Pilot Implementation Driven by Effects Specifications and Formative Usability Evaluation

Pilot Implementation Driven by Effects Specifications and Formative Usability Evaluation

Anders Barlach (Roskilde University, Denmark), Morten Hertzum (Roskilde University, Denmark) and Jesper Simonsen (Roskilde University, Denmark)
DOI: 10.4018/978-1-4666-4046-7.ch010
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The pilot implementation is analyzed, and the lessons learned are discussed in relation to usability engineering in general.
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Organization Background

This section introduces the chapter and describes the experiences of the IT vendor CSC Scandihealth in working with pilot implementation on the basis of effects-driven IT development and the EHR client, a large hospital complex located in a European region, the Hospital for short.

A pilot implementation is defined as: “a field test of a properly engineered, yet unfinished system, in its intended environment, using real data and aiming – through real-use experience – to explore the value of the system, improve or assess its design, and reduce implementation risk.” (Hertzum, Bansler, Havn, & Simonsen, 2012). Pilot implementations are field trials and in that sense constitute a continuation of prototype evaluations into the field. In this chapter, we describe a case where the preparations were carried out before a pilot implementation included using workshops with mock-ups as well as several versions of prototypes. The pilot implementation was supported by so-called ‘effects-driven IT development’ (Hertzum & Simonsen, 2011) by which the desired effects of using the system were specified, used as specifications for the mock-ups and prototypes, and finally measured as part of a formative usability evaluation based on the system used during actual work as part of the pilot implementation. In the following, we outline the strategies of both the vendor and client and the circumstances making the pilot implementation and effects-driven IT development relevant. We set the stage and describe the effects specified to produce the input to the succeeding usability evaluation. Then, we describe the case and the pilot implementation including planning and design, technical configuration, organizational adaption, use of the system, and the learning that took place. We conclude the chapter by discussing challenges, solutions, and recommendations.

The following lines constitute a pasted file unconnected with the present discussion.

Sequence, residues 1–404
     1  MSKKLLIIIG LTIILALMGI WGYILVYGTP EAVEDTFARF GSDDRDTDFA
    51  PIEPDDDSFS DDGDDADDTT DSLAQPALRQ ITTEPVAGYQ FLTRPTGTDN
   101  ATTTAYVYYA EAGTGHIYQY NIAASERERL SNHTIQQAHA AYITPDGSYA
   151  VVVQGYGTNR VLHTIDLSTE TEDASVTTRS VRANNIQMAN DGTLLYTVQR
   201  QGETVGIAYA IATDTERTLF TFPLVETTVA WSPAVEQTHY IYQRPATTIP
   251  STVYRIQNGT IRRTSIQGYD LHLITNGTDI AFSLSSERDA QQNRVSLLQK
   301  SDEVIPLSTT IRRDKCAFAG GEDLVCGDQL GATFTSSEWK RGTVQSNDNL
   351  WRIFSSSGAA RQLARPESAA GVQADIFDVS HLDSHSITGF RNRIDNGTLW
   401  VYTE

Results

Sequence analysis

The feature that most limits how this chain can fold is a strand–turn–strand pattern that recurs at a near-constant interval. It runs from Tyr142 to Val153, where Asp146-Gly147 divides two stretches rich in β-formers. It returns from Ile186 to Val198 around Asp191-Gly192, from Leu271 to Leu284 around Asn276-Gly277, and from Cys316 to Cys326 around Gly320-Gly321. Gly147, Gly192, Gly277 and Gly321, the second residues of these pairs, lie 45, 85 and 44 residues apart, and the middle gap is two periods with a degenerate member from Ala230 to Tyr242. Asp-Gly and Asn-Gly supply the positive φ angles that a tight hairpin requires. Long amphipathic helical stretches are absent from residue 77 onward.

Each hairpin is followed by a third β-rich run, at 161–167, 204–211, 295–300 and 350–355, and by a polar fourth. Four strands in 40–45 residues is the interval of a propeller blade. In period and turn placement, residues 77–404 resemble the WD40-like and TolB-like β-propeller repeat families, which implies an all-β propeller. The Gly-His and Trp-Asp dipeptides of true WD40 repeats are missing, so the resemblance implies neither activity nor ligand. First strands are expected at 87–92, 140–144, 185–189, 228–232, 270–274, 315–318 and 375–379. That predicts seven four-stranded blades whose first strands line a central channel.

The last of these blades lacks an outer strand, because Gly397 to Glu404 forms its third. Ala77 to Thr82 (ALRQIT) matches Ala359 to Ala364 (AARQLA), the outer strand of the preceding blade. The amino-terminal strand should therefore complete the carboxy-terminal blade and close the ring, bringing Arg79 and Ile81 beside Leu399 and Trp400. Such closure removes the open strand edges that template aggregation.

Organizational Facts and Strategy: CSC Scandihealth

CSC Scandihealth is a company within the Computer Sciences Corporation and is part of its global healthcare Vertical, which specializes in delivering IT to public and private healthcare providers. CSC Scandihealth (in the following referred to as CSC, for short) employs 375 healthcare IT specialists in Denmark with an annual turnover of USD78 million.

The CSC's mission is to “deliver a solution to the client,” rather than “delivering a product to the client.” This marks a decisive shift in attitude towards the vendor-client relationship in CSC. To achieve this goal, the company and its employees must engage in various processes that must be aligned with the clinical work the solutions are to support. The increase in intimacy with the client’s core business and the need of establishing technology consistent with individual healthcare providers is stated by CSC’s CEO Freddy Lykke:

The vision we have is that the healthcare community is increasingly integrated into the various sections of society, coming closer and closer together, and our mission is that we [CSC] can help to make the linkage of the Healthcare community (Barlach & Simonsen, 2011).

Freddy Lykke elaborates how this vision can be implemented through a bottom-up approach:

The bottom-up approach is basically another way of saying that it is the clinicians themselves that are to define how their work processes are to be supported, rather than we [CSC] come with a system where we have defined how we think the workflow should be at the various hospitals and their wards. We present a system that allows the clinicians to dynamically describe how the system should work in their specific situations (Barlach & Simonsen, 2011).

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